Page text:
Category Archives: News

Erik Satie’s Gnossiennes on World Music Day

It’s music day every day in my household, thanks to my wife Mary Lee Bragg.

This poem appears in the new Community anthology from Gertrude’s Writing Room.

Satie’s Gnossiennes

Day one of the lockdown she said

she would play the Gnossiennes each day

until the plague passed over and real life resumed.

Now it’s nearing day four hundred

she’s quarantined and the ICUs are full

still the light play of fingers on the keyboard

brings a few moments’ peace to her day.

It’s spring again. She opens her window

and spreads the music’s calm composure

over the socially distanced street.

Colin Morton

P.S. On World Music Day 2022, COVID-19 goes on, and so does the music.

Video poems on YouTube

Since summer 2021 I have been collaborating with musician and producer Alrick Huebener on a series of video poems based on my writings. Works we have completed so far include:

Tinnitus <https://www.youtube.com/watch?v=dUsWPn2wAHA>

The Weather <https://www.youtube.com/watch?v=zWWRFcch_Uk>

At a Nameless Bend in the River <a href="http://<https://www.youtube.com/watch?v=G0OQtz2G5vo&quot; data-type="URL" data-id="<https://www.youtube.com/watch?v=G0OQtz2G5vo>

Alrick Huebener’s YouTube channel includes other video poems he has created with poets Claudia Radmore, Susan McMaster, and of course his musical collaborators.

Last Days

Train poetry journal as posted my four part poem “Last Days” on its blog.

The poem once had an epigraph quoting the American poet Robert Duncan, who wrote in the 1960s, “Again and again we enter the last days of our civilization.” Fittingly, I think, “Last Days” ends with a beginning.

Last Days

1.

No one paid much mind at first.
A low murmur amid the hubbub.

When finally heard
alarms were late.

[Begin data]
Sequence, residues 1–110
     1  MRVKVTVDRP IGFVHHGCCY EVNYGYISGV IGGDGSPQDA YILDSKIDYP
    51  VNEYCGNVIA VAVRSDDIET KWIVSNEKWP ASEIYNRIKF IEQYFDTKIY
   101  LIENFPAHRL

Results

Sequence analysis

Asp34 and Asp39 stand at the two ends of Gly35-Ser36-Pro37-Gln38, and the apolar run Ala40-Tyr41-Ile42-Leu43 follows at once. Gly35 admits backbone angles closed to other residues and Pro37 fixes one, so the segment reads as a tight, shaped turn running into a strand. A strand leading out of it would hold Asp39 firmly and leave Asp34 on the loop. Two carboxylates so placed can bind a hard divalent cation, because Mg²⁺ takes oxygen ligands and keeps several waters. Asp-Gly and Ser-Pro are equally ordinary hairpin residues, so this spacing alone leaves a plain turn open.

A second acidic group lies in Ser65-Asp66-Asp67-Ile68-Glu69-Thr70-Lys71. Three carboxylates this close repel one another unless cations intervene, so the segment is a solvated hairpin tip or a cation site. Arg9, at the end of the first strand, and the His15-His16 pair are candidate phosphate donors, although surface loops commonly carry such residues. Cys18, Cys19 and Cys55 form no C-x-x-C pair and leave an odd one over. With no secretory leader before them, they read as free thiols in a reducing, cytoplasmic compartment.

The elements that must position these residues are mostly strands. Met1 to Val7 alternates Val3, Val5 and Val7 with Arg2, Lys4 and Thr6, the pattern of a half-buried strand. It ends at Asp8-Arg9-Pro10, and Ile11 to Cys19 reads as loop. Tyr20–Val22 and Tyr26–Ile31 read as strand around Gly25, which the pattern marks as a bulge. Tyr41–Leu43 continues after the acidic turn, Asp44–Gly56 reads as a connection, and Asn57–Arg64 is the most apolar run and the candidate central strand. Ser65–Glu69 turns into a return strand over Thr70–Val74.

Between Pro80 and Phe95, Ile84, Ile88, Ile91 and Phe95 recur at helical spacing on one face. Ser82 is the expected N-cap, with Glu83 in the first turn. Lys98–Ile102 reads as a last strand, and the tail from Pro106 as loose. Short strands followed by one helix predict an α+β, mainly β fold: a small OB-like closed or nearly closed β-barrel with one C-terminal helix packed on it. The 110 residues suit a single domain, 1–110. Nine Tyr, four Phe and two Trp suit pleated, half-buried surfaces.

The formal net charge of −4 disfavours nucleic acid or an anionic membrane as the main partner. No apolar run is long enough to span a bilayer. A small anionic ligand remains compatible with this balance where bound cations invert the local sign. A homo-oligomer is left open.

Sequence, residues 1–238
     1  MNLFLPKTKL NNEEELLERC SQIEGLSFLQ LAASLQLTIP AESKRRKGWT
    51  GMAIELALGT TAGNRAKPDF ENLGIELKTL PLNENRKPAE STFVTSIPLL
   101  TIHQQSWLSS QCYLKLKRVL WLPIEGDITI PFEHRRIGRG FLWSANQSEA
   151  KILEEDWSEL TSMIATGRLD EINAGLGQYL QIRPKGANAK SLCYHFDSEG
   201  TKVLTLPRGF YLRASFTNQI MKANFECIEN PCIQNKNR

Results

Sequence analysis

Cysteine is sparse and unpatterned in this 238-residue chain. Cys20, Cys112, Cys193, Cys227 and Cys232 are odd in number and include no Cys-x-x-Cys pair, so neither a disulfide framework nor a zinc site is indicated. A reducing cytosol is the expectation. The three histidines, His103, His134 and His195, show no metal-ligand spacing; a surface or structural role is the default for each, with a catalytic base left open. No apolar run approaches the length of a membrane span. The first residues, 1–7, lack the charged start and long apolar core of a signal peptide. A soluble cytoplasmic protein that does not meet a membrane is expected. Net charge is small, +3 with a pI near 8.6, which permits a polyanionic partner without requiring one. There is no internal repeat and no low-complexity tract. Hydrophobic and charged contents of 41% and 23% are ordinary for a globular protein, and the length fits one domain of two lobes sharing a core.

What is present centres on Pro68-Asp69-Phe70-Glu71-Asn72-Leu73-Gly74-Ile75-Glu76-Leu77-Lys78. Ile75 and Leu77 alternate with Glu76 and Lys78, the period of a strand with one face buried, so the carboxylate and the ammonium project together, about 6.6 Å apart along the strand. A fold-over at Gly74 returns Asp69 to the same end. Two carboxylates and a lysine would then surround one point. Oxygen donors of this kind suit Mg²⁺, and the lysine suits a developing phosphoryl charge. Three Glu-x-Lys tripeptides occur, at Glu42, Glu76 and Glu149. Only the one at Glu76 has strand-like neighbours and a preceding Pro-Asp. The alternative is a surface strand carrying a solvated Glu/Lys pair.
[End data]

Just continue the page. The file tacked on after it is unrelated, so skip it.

How do you stop a chain reaction
or keep calm with a fever?

2.

Many have seen the end of the world
as they knew it.

Last days before that end
must be special days.

Those living them must be special too.
We’ve always known.

3.

We do our best to be prepared
half-believe what our senses tell us.

Know one in the hand
for what it’s worth.

What’s left undone is yet to do
yet we did and did undo some things.


4.

We returned home in the waning light
chastened yet braced for new beginnings

sure we knew the way ahead
and wouldn’t make the same mistakes again.

This was not the moment for doubt.
We were of one mind, never so dangerous.

Colin Morton

Train poetry journal will include three other poems of mine in their next print journal, on sale across Canada.

Updating the Address Book

A new poem of mine is online this month at Bywords.ca

It captures a bit of the loneliness and isolation that many of us are feeling in lockdown.

Updating the Address Book

So many listings scratched out

and replaced with newer ones.

Here’s another out of date,

we haven’t been in touch for years.

When we met he lived in old town,

two rooms of a red brick house

leaning toward the St. Lawrence.

He made me tea, and I wondered

if it was safe amid hanging wires

for speakers and an over-worked fan.